Retired Air Force Reservist finds inspiration through loss


(First in a three-part series chronicling Angela Alexander’s incredible story which led to a book, a ministry and now, a documentary.)

MIRACLE: “An unusual or wonderful event that is believed to be caused by the power of God,” is how Merriam-Webster defines it.

For most parents who have lost a child the word miracle would never enter their minds, but most parents are not Angela Alexander. Miraculously, she received immediate peace.

A retired Reservist from March Air Reserve Base, Alexander learned that her husband and four children had been in a bad car crash while she was on annual tour in Japan in April, 2000. Her two 8-year-old sons, Murice and Roger died in that accident.

Alexander’s husband, Surie, was driving on Interstate 215 in Southern California with his children when he was cut off by another vehicle, causing him to hit the center divider and fall 25 feet onto two, occupied, parked cars, she said.

She recalls that day in Japan, sitting in a small office with her commander, a colleague and a priest, when she was told that her husband and two daughters were in the hospital, but okay. Then she was told that her two sons had died.

“When he told me, I couldn’t believe how much peace I had,” Alexander said. “Immediate peace.” Alexander, who retired in 2005 after 20 years of service, said that immediate peace was something she didn’t understand at the time.

She remembers how she kept pinching herself during the flight home because, given the nature of the news she had received earlier, she still knew the alphabet and what day it was. She had not gone crazy as she had predicted she would have, given the situation.

“It wasn’t until later that I realized why God gave me that instantaneous peace,” she said. “The reason was (that) as a result of my sons passing, my ministry (Miracles in Action) was birthed, and if I had gone crazy it wouldn’t have happened.”

During that flight home from Japan, Alexander remembered a letter Murice had written to his parents shortly before his death which eliminated any guilt she could have harbored over what had happened to him.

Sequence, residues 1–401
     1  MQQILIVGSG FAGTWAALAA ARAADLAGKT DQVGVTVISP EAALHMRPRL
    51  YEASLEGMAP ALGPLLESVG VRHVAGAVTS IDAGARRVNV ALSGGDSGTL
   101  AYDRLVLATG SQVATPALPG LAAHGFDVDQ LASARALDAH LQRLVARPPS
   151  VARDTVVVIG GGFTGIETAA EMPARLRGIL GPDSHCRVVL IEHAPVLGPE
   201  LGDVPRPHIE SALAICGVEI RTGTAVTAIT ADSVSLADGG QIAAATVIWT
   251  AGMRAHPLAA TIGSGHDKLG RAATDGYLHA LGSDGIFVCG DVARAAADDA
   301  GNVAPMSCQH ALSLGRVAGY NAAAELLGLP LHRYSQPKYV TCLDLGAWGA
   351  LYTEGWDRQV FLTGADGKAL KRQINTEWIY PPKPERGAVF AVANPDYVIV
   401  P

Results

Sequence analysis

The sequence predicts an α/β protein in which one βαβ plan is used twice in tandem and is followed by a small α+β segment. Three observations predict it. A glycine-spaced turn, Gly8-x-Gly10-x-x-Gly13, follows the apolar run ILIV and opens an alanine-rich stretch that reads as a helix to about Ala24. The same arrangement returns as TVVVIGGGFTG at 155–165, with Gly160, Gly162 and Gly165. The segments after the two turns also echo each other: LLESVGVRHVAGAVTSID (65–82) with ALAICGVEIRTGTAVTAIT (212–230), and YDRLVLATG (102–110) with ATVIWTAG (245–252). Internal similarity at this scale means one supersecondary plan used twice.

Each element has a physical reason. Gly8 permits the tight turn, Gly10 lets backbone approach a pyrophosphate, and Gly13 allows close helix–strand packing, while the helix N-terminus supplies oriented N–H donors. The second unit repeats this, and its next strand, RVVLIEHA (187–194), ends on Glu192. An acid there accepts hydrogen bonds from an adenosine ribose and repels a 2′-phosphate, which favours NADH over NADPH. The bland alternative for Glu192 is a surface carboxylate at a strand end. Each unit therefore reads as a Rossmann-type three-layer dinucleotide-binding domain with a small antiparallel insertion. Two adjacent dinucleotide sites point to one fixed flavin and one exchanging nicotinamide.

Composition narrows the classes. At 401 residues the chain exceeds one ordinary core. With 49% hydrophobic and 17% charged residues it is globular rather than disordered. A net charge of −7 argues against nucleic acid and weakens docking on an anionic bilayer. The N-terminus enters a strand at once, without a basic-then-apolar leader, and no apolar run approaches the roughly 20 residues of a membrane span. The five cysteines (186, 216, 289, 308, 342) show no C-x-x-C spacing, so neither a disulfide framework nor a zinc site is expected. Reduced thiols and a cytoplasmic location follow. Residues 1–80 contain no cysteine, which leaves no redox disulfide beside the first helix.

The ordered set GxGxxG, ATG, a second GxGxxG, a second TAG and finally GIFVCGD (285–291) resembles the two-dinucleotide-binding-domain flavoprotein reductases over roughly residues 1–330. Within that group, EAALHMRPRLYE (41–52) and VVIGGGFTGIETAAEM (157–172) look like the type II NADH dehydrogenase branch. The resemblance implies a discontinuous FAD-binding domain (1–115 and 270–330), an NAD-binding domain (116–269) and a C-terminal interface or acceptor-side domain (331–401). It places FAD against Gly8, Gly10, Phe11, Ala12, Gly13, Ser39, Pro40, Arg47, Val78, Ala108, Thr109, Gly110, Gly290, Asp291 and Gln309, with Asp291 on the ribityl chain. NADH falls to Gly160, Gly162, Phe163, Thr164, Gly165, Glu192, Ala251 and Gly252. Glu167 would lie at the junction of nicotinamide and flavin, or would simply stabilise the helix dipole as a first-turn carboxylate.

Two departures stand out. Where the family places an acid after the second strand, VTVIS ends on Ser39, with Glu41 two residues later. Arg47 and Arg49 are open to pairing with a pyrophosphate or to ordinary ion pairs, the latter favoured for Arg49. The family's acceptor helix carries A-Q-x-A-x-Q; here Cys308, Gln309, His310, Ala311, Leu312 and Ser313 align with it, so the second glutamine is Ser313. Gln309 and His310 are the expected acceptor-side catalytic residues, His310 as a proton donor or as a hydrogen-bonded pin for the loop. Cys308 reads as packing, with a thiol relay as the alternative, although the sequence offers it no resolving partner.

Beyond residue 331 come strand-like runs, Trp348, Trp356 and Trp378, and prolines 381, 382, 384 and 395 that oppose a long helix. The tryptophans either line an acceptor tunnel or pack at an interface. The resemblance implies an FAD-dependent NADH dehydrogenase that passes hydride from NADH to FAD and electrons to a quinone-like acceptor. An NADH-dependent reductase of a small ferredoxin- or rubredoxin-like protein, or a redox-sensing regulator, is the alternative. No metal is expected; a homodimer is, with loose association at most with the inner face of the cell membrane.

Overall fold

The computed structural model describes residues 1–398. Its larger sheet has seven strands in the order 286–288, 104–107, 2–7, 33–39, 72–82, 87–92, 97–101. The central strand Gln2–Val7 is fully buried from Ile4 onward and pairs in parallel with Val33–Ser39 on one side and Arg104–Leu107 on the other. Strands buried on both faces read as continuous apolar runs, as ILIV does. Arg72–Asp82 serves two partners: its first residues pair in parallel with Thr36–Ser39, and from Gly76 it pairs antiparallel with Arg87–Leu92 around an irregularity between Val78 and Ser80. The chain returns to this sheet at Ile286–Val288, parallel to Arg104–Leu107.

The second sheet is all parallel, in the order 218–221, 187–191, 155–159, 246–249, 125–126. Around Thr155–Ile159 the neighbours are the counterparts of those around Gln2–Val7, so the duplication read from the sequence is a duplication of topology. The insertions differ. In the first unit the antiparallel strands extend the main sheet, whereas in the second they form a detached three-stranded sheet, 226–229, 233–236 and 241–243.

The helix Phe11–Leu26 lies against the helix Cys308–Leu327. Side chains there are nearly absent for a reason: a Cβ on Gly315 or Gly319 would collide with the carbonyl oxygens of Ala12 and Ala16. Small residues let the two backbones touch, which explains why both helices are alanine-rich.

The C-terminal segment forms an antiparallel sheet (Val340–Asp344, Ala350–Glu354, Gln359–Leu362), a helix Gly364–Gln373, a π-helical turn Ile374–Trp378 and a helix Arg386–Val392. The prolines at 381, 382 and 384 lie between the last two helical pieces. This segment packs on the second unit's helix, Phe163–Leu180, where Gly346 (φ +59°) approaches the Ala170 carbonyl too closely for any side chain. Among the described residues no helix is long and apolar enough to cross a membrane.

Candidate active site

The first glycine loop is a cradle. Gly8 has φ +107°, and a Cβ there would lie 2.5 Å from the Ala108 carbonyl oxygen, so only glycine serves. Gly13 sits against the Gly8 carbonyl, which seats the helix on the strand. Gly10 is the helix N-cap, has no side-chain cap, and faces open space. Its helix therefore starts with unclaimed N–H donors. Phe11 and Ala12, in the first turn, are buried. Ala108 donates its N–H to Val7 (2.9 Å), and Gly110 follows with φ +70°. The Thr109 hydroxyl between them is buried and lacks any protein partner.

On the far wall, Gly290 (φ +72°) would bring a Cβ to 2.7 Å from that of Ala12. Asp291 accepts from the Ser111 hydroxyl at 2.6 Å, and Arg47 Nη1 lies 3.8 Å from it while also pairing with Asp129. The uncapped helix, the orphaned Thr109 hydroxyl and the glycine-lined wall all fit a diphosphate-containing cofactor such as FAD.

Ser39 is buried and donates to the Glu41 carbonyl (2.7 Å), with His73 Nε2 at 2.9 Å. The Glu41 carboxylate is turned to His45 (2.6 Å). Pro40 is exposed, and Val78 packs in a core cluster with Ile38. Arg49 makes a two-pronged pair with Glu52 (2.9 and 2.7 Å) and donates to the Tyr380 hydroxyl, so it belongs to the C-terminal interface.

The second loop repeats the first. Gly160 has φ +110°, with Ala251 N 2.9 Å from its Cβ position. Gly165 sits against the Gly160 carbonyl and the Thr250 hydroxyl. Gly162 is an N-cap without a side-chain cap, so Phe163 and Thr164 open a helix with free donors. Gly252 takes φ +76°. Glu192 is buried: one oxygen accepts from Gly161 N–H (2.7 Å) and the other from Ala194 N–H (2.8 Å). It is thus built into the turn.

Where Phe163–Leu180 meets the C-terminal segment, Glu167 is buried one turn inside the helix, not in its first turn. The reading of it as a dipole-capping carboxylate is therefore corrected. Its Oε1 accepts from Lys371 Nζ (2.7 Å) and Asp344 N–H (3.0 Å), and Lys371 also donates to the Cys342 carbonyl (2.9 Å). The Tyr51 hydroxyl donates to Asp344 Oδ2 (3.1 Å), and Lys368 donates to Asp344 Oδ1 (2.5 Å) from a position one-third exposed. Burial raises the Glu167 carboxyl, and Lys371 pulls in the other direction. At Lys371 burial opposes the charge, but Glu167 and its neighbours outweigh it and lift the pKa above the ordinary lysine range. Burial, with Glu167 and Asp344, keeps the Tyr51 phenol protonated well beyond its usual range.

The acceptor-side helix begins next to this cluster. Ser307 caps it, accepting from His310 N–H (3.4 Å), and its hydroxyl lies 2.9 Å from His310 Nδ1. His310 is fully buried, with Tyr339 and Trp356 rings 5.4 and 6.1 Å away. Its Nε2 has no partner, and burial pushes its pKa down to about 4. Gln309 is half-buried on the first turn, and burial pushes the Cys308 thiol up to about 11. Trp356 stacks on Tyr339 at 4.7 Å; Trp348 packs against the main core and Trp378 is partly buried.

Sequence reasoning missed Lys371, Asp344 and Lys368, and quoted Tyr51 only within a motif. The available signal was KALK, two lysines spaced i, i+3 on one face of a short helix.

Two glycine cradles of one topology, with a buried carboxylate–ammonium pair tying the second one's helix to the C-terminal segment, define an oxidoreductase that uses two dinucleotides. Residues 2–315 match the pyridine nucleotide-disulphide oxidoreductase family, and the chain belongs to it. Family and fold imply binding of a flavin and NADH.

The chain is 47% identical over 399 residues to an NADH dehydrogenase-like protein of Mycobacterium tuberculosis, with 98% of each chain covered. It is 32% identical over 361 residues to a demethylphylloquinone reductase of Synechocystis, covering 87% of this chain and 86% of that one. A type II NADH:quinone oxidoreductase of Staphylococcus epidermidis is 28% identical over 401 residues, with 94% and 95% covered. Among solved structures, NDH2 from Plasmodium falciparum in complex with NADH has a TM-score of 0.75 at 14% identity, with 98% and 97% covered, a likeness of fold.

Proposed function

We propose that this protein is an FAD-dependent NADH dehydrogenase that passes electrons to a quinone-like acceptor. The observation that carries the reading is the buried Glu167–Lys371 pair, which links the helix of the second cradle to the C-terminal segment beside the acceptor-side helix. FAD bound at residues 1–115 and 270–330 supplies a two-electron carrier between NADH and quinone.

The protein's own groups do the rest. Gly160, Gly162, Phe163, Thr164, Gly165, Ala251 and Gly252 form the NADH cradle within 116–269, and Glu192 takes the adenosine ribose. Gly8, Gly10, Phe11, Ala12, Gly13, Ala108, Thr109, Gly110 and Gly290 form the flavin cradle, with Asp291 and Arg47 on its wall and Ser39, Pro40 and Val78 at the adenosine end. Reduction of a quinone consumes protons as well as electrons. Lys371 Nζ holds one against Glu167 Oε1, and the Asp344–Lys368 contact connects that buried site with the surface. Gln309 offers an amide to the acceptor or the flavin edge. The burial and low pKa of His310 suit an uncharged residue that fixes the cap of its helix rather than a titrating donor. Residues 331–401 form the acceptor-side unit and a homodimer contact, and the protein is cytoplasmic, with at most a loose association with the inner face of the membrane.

She clearly remembered the day Murice came running into her bedroom exclaiming, “Mommy! Mommy! Daddy! Daddy! I wrote you a letter!” she said. That letter expressed to them that Murice loved them and explained why he loved them. After reading the letter, Alexander said she told her son it was a love letter and thanked him. He immediately ran off to his room and wrote another letter, just for her.

One line in that second letter in particular stood out to her she said. “If I got to choose a Mom, I would chose you,” Murice wrote. That line reminded her that it was all in God’s order. “Maybe not my order, but God’s order,” she said. That enabled her to focus on the tasks that awaited her at home in California.

Upon her arrival there, she was immediately thrust into a cyclone of activity. She had to take on the role of mom and dad for her 10 and 11 year old daughters while Surie was recovering in the hospital. Add to that the additional stress caused by the State of California automatically charging Surie with vehicular manslaughter, and the occupants of the other vehicles filing lawsuits against him too. There was also a steady stream of family and friends cycling in and out of their home and worst of all, two of her babies were now gone forever.

In the midst of the chaos, Alexander was able to maintain her focus and sanity, in large part because of the letters Murice had written. But, she realized she needed to know that her other son, Roger, had been visited by the Holy Spirit and was okay too, she said.

“God I need to know that you are in control of this hot mess,” she prayed. “And he laid one word on my heart, ‘search.’”

For the next four hours that’s exactly what she did, but she said she didn’t find anything. Later that day she decided her daughters needed some normalcy, so she left the swirl of people in her home and took her girls to their school’s open house.

All four of her children attended the same elementary school and it was that open house that would lead her to what she was searching for.

The answer to her search will be addressed in part two of this three-part series in next week’s Beacon.